Clergy focus on how they deal with money in their own lives

Bethlehem
September 30, 2004

"Nobody had ever asked me if I tithed,' said the Rev. Kirk Alan Kubicek to Diocese of Bethlehem clergy at a Ministry of Money clergy day. "Nobody asked me if I gave any money to the church. And here I was, ordained a priest."

Kubicek, rector of St. Peter's Episcopal Church, Ellicott City, Maryland, a gifted stewardship consultant, has worked with parishes and dioceses across the country on issues of mission, conversion, commitment and on how the sacraments shape and inform our life in Christ. He and Kevin Cashman, a layman who serves as director of Ministry of Money, led an all-day workshop for some 70 clergy, September 23 at St. Stephen's Church, Wilkes-Barre.

The workshop was designed to help clergy reflect, from a faith perspective, on their relationship to money. It was planned by diocesan stewardship committee members Dan Charney and George Maniatty.

"Money is a paradox in our culture," the Ministry of Money website states. "It enslaves, yet it also frees; it is intensely private, but it is also very public; it measures worth, yet it is no measure of real worth; it destroys yet also creates."

Clergy at the workshop spent time identifying money patterns in their family of origin and their present family and were encouraged to consider their "money journey" and to write their "money autobiography."

Among questions discussed and reflected on were: Who handled the money in your family of origin? How did they handle the money? Was money discussed? Was money supply abundant/scarce? Who handles the money in your present family? How do they handle the money? Is money easily discussed? Is money supply abundant/scarce? What feelings are brought to the surface when I look at and reflect upon this information?

A Christian ministry that grew out of Church of the Savior, Washington, D.C., Ministry of Money, www.ministryofmoney.org, based in Germantown, Maryland, provides weekend retreats, resources, pilgrimages to developing countries and one-day workshops to help people explore, understand and address issues of money and faith in their own lives as well as in their families, political systems, institutions and world.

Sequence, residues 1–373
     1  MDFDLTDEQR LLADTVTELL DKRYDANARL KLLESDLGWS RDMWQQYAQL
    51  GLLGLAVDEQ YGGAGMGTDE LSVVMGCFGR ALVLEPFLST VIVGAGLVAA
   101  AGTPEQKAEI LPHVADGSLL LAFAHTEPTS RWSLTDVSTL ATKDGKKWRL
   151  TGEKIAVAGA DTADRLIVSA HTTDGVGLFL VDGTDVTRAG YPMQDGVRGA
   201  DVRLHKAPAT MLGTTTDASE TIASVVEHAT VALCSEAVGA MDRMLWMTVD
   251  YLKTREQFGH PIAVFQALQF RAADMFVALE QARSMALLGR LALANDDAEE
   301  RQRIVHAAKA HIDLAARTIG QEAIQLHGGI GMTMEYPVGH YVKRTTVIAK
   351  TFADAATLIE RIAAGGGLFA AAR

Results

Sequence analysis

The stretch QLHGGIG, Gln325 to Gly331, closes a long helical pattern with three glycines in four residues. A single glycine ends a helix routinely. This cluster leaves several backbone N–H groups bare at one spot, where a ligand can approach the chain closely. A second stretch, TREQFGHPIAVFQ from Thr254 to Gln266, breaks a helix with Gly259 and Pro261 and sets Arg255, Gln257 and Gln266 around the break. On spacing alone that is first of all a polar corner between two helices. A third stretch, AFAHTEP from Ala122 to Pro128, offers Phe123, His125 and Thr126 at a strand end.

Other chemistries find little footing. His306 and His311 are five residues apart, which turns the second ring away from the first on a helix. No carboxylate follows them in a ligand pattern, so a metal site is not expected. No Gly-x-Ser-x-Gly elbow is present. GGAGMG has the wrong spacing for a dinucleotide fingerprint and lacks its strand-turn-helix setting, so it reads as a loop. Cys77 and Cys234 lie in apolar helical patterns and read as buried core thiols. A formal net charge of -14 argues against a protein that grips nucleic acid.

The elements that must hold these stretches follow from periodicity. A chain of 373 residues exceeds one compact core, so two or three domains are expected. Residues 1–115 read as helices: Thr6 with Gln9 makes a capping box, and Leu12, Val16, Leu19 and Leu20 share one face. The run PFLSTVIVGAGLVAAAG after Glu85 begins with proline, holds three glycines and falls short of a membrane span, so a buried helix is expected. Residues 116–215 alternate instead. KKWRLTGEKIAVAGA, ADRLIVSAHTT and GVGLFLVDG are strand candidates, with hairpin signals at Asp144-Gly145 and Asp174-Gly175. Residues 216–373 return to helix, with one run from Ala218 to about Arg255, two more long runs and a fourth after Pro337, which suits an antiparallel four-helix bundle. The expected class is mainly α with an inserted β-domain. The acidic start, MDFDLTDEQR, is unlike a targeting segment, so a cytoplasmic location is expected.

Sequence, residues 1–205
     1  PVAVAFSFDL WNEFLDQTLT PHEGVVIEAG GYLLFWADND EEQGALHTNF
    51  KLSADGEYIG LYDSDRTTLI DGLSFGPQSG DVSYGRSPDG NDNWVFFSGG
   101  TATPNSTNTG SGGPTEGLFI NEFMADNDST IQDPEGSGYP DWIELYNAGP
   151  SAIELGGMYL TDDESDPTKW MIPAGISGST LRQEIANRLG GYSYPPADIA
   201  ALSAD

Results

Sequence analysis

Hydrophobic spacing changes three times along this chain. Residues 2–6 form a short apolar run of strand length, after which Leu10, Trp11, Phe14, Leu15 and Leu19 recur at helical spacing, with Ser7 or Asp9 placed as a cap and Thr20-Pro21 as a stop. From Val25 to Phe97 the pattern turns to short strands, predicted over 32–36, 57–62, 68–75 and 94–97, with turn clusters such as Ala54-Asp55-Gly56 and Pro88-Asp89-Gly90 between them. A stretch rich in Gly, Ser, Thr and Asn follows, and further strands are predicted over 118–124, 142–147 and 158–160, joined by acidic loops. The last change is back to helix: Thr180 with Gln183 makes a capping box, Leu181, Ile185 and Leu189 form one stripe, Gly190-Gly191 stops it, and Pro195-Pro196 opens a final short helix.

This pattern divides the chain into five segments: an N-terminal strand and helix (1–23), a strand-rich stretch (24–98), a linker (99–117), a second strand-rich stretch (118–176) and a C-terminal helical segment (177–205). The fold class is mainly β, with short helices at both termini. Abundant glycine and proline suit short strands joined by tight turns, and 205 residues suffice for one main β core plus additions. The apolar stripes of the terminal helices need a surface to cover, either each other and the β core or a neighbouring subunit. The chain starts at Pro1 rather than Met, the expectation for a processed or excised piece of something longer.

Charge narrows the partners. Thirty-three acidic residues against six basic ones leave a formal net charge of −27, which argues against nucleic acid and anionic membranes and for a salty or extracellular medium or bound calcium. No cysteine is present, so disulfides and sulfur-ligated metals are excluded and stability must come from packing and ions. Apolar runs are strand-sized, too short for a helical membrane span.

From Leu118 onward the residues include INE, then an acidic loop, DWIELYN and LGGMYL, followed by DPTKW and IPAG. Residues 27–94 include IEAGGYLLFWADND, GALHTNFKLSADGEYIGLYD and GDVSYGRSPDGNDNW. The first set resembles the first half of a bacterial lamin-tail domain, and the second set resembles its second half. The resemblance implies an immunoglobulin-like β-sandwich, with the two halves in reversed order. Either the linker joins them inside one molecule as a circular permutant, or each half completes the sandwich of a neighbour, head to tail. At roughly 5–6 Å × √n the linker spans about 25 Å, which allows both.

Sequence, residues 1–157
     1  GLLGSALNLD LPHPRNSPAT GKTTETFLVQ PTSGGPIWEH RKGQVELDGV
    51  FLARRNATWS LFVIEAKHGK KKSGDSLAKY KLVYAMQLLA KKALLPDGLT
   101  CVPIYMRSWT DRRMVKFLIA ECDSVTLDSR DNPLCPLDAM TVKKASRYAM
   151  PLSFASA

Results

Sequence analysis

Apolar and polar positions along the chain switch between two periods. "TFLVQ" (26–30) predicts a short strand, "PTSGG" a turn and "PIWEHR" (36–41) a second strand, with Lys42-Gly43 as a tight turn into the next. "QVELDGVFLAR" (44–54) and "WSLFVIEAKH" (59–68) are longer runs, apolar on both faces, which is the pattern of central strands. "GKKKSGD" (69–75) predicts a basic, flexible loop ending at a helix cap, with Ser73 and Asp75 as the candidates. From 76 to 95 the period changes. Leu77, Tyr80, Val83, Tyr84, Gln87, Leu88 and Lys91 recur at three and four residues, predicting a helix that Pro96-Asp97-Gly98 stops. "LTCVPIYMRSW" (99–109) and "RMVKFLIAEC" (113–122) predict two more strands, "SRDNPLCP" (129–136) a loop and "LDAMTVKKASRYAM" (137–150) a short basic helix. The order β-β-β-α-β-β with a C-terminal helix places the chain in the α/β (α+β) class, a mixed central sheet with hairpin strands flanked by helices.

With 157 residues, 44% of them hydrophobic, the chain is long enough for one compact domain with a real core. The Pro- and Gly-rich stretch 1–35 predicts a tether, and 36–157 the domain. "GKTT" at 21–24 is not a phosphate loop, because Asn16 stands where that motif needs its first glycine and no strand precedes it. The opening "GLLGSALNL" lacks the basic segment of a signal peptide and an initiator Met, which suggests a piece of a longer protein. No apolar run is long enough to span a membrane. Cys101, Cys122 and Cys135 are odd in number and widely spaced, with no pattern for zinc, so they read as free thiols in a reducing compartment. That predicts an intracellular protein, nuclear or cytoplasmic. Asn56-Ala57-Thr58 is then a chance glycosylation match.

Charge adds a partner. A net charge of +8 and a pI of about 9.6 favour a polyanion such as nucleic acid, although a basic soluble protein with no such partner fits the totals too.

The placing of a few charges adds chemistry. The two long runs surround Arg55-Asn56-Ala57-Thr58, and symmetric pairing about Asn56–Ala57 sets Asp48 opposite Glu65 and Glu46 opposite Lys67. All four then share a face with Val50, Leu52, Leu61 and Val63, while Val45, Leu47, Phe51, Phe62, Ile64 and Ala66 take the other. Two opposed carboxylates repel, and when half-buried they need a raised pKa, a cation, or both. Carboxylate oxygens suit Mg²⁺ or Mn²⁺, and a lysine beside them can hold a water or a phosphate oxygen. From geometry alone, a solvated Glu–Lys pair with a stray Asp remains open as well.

Preaching during a midday Eucharist, Bishop Paul Marshall referred to his understanding of sacrifice in the eucharistic context as surrender, the "total self-giving offering to God" of Jesus. "We can't be wrapped up in Christ's self-giving and be grasping at the same time," he said. "Beautiful peole are generous people."

During earlier discussion, the bishop asked if there should ever be "a Eucharist without an offering." The result of that discussion was a decision to include in the midday Eucharist an offering to be given to the discretionary fund of the rector of St. Peter's, Tunkhannock, the church that was severely damaged, if not destroyed, by Hurricane Ivan. During his Sunday visitation with the people of St. Peter's, worshipping at the local Seventh Day Adventist church, Bishop Paul presented the rector with some $800 from the clergy of the diocese.

Workshop leaders distributed a copy of "Signatures (of bishops and deputies) collected in affirmation [of] Resolution A135 on Holy Habits" of the 2003 General Convention. The resolution encouraged all Episcopalians "to develop a personal spiritual discipline that includes, at the minimum, the holy habits of tithing, daily personal prayer and study, Sabbath time and weekly corporate worship." The signatures were attached to the following declaration: "As Christian stewards and leaders of the Episcopal Church, we affirm that we are tithing, or have adopted a plan to work toward tithing as a minimum standard of our giving; and that, if we are not already doing so, we have committed to give priority to public worship, personal daily prayer and study and Sabbath time in our own lives; and we invite all members of the Episcopal Church to join us in these holy habits."

During his workshop presentation, Kubicek referred to a passage from Quaker writer Richard Foster's book, The Challenge of the Disciplined Life (formerly titled Money, Sex and Power): "G "God's ownership of everything changes the kind of question we ask in giving. Rather than, ‘How much of my money should I give to God?' we learn to ask, ‘How much of God's money should I keep for myself?'" The difference between these two questions is of monumental proportions.

He also referenced the following (attribution unknown): "I've learned that when I pay my tithe first there is always enough left to pay my bills, but when I pay my bills first there is never enough left to pay my tithe."

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